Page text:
Kootenai River in NW Montana, near Canadian Border

Kootenai River in NW Montana, near Canadian Border
photo by Gene Tunick of Eureka, Montana

Saturday, October 20, 2012

Tip O'Day #404 - Learning from Mistakes

Guest blogger Jami Gray on ‘Third Time is The Charm.’

With two books out there, and working on a third, I'm starting to recognize that there are a couple of stages in the writing game every writer goes through. The first one comes after you begin to fall from that high of being published and seeing your first work out there--all alone in the big bad world of readers, where it can be raised up and kicked down faster than lightning. You try not to get obsessive about the reviews, feedback and those pesky things known as ratings, but those little voices manage to wiggle their way in and tear bits and pieces off of your creativity. Together those small things gain strength, and so the debilitating question looms on your writing horizon---can I really manage to write another book?

Answer: Hell, yeah you can. You're a writer, stop worrying about what's being said out there. You're out there. Readers are reading you. You have to be doing something right. So in a truly horribly NY/Bronx accent "Forget about it!" and write your story. Take the things you've learned with your first book, do them better or fix them in your second. Then keep going. You can’t get better if you don’t keep writing.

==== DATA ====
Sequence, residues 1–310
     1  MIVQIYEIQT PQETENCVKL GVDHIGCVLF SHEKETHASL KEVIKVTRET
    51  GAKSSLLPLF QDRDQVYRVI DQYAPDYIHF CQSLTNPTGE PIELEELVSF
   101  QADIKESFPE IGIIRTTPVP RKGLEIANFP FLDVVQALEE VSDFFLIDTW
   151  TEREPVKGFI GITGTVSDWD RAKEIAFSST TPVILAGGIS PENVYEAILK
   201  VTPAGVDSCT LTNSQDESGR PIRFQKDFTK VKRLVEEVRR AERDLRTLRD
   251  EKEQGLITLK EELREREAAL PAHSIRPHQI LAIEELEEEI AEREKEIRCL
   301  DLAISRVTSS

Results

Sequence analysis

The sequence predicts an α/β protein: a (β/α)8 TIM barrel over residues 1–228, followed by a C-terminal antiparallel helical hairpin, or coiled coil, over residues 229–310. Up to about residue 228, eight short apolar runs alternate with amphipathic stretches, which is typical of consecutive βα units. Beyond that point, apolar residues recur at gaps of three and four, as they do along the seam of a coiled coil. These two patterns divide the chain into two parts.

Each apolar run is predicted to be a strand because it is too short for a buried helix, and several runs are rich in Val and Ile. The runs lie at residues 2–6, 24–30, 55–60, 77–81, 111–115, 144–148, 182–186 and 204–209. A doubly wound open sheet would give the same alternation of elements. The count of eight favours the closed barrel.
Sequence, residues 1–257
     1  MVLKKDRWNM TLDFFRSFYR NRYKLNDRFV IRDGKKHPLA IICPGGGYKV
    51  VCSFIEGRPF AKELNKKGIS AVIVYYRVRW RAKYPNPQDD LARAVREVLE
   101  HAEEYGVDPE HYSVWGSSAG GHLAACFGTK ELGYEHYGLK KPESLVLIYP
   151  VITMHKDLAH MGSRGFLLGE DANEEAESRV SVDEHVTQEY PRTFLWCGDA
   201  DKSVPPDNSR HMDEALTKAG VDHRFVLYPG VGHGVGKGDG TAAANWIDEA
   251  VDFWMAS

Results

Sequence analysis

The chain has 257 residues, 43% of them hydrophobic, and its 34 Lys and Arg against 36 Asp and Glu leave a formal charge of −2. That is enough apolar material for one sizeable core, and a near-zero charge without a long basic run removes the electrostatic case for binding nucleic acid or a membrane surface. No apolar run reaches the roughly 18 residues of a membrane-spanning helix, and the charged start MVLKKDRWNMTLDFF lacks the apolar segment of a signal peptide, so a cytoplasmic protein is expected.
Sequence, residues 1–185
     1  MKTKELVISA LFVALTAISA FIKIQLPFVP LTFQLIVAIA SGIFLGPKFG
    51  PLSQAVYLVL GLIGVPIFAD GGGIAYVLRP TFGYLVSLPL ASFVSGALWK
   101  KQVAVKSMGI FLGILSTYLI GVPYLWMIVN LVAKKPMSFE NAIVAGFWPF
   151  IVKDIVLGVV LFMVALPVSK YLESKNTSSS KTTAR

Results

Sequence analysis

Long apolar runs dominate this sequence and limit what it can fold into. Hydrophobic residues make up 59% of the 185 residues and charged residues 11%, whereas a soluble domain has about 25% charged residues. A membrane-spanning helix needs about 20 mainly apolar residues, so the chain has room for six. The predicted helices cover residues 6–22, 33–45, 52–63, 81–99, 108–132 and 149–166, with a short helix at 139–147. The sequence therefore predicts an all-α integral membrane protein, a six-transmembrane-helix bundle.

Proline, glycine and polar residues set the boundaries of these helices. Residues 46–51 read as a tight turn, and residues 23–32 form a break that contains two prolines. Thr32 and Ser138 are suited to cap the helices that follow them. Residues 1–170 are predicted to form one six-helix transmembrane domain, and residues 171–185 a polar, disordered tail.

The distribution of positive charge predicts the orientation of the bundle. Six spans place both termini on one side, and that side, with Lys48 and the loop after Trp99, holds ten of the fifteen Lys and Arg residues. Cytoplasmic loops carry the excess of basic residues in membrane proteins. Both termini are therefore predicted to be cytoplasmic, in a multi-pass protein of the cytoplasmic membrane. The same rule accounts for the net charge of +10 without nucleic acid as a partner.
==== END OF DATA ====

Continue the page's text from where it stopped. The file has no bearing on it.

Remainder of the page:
With my second book out there, I started tackling my third title, Shadow’s Moon. This has not been an easy journey as I am leaving behind the familiarity of my protagonist of my first two books to focus on another and I’m writing from two POV’s this time around. Yes, I’ve heard the rule, but rules are meant to be broken. That’s the beauty of being a writer. How will you discover what works if you don’t try it?

Yet while I'm crafting this story, I'm still getting feedback on Shadow's Edge and Shadow's Soul. I know you'll never please all your readers all of the time, but it is so easy to fall into the downward spiral of "OMG, I need to change this..." or "Maybe I should do this instead..." Second guessing ourselves is not productive, not even a little bit.

One of my critique partners shared a blog post by Kris Rusch discussing when is your book truly done...I so needed to hear her when she said,

I’m here to tell you this: If you want a career as a writer, ignore your critics.
When the book is finished, when the book is published for heaven’s sake, then it’s done. Irrevocably done. Mistakes and all.

So now, I make it a point not to obsess over rankings or critiques--readers will either love it or hate it, it's out there, I'm not changing it. For now, all I can do as a writer, is take what I've learned, and use it for Shadow's Moon. And the mistakes I make in that story, I'll just use those to make the next one even better. I'm a writer, but I won't be much of one if I don't learn and grow from my screw-ups. Besides, who knows, maybe one of those screw-ups will turn into a flash of genius!

Check out her books at www.jamigray.com/books and her website is www.jamigray.com


  1. Hi Dixon!

    I've nominated you for a Sunshine Award! Stop by my blog and pick it up anytime!


    Sharon :)

  2. Great attitude, Jami! Thanks for the post...